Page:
Story # 3: Mattie, the Goat
Hello, I’m Bill Crain from Safe Haven Farm Sanctuary in Poughquag, which is just up the road from Pawling. My wife, Ellen, and I founded the sanctuary in 2008 to provide a permanent home to farm animals rescued from slaughter and abusive conditions. We currently care for over 100 animals, including sheep, goats, chickens, ducks, turkeys, and a mini-horse. Each month, I’ve been telling you a new story about the animals. This time I’d like to tell you about a goat named Mattie and her son, Boomer.
Mattie was among the first animals at our farm. We got her from a live meat market in the Bronx. Live meat markets are places where customers walk in and pick out the animals they want butchered. For several years, we had driven by this market and had seen sheep and goats awaiting slaughter. We had talked about wishing we could save those animals. So when we opened the farm, we purchased some goats and sheep. I later learned that many animal activists don’t want people to buy animals from live meat markets; the activists say the purchases support the businesses. I came to see their point, although I have mixed feelings. If you asked the animal, she’d say, “Get me out of here.”
Anyway, Ellen and I rented a truck and drove the goats and sheep from the live meat market to our farm. Our first caretaker, a young woman named Stacy, gave them all names, calling one “Mattie.”
When Mattie got out of the truck, she was terrified. She was shaking all over. It was a month before she began to explore the farm and become an active goat.
Soon Stacy pointed out that that Mattie was gaining more weight than one would expect. “Could she be pregnant?,” Stacy asked. We asked our vet to examine her, but the vet said he couldn’t tell. Then, after four months, Mattie went into labor. But the baby was turned the wrong way. Stacy took charge and turned the baby around. Then the baby, a boy, boomed out. Stacy named him Boomer.
Baby Boomer was full of energy. By seven days of age, he was sprinting back and forth in the isle of the barn, apparently just for the fun of it. When he was 10 days old, he ran out to the pasture in the morning and tried to climb up a rock that was about that was about 1and 1/2 feet high. But when he reached the top, he slid down backwards, landing with a thud. He climbed back up and jumped down–backwards–and this time he landed perfectly. He climbed up and jumped down several more times. He leapt forwards and backwards, and each time he added a new spin while in the air. He looked like a platform diver experimenting with new stunts. Seeing that I was observing this, Stacy said, “It’s funny that he never just jumps, but always tries something new. He’s full of antics.”
As Boomer grew up, he calmed down somewhat, but not completely. He still loved to play. Mattie, too, was rambunctious. Both Mattie and Boomer were often up to mischief. They found ways to get into the chicken coops to eat the chicken food, and they figured out how to squeeze through fences to gain access to tasty new plants and trees. Like our other goats, they were enjoying life on the farm.
Then, when Boomer was two years old, he suddenly didn’t seem himself. He was sluggish. We called our vet, who examined Boomer at the farm and told us to test Boomer and the other goats for parasites. The results showed that Boomer was suffering from severe anemia; a parasite was sucking the blood from his stomach. Mattie had the same parasite, but her case was not as severe.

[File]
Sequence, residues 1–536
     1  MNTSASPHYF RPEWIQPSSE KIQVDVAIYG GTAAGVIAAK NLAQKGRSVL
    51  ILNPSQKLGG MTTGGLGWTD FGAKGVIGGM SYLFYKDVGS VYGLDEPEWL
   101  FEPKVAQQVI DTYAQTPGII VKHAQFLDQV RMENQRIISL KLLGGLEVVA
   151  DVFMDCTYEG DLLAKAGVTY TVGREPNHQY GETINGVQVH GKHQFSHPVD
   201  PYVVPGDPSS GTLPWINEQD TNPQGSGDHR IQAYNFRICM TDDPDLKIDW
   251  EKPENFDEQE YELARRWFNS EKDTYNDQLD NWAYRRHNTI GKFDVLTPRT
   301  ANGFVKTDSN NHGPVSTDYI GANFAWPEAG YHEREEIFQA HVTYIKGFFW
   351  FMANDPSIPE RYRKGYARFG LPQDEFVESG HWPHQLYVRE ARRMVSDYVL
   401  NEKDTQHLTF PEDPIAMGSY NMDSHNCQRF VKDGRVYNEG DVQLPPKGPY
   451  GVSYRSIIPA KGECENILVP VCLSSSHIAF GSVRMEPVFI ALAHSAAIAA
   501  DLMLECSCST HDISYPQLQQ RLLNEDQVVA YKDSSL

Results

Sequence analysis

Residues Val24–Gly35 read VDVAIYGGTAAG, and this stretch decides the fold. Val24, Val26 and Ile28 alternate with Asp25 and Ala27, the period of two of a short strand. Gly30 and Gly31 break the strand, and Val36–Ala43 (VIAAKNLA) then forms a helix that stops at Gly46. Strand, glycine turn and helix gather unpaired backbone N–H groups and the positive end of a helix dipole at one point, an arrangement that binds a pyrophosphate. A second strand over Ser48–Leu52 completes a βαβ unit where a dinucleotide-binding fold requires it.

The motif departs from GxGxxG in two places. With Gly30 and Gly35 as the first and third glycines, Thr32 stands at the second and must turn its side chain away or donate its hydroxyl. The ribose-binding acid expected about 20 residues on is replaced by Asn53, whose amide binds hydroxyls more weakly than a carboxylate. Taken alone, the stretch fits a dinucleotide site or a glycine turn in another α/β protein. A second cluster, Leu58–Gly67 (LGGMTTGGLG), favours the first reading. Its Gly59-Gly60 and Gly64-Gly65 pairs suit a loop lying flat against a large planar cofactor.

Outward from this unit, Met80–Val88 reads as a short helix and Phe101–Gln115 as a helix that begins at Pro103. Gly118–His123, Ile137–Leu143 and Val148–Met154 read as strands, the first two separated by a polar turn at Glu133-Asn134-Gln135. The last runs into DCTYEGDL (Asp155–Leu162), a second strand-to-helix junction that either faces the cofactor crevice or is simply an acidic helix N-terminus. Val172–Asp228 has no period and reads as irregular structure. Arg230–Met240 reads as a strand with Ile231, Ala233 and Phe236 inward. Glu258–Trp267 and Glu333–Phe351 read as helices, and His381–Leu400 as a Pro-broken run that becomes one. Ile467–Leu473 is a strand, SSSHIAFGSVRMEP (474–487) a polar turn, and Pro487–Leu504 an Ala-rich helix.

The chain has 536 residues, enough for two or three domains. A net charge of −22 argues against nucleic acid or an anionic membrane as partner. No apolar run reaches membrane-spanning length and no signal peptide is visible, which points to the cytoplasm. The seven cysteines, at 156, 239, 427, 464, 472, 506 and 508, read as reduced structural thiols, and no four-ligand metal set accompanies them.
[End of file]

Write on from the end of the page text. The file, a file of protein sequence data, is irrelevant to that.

Our vet said Boomer’s life was in imminent danger and recommended that we drive Boomer to the Tufts Veterinary School in Boston, which is three hours away. So Ellen and our new caretaker, Karen, put Boomer in the backseat of our Hondo Civic. They put Mattie in the car, too. Mattie could have been treated at the farm, but we didn’t want Boomer or Mattie to be left alone.
When Boomer reached Tufts, the staff was waiting for him. Once he was out of the car, he tried to walk, but he staggered, so the staff lifted him onto a stretcher. The staff carried Boomer down a long hallway toward the stall where he would be prepared for surgery.
Ellen and Karen watched him go, while Karen held Mattie on a leash. Karen held it tight. She knew that Mattie loved to explore and at this hospital there were many things to attract her–hospital equipment, stacks of hay, and open doors. Mattie could get into considerable trouble.
Then Ellen told Karen: “Let Mattie go free.”
Karen was perplexed. It seemed like a crazy idea. But Ellen was the boss, so she followed Ellen’s order. Once off the leash, Mattie rushed to catch up with Boomer, and then walked directly behind the stretcher for the rest of the long trip down the hall. For Ellen and Karen, it was a touching sight. Mattie could go wherever she wanted, but all she cared about was her baby.
The Tufts staff did a great job. They had to repair Boomer’s stomach, but he recovered. Mattie recovered, too. They are happy animals on our farm.
As a final note, I would like to tell you about a small gesture that meant a great deal to me. I mentioned earlier that when Mattie came to our farm sanctuary, she was extremely frightened. Her fear of humans lasted several years. I assumed it would never go away. After all, humans were about to kill her in the live meat market, and her life before that may have involved great suffering at human hands.
But one afternoon, over four years after Mattie’s arrival, I was weeding in a pasture when Mattie left the other goats and walked over to me. She placed her head under my hand, and I rubbed it. She tilted her head so I could rub it few seconds more, and then she left to rejoin her companions. As she walked away, I felt very happy. I felt accepted.
You can read about Mattie and other animals at our farm sanctuary in my new book, The Emotional Lives of Animals and Children: Insights from a Farm Sanctuary. It is now available on Amazon.com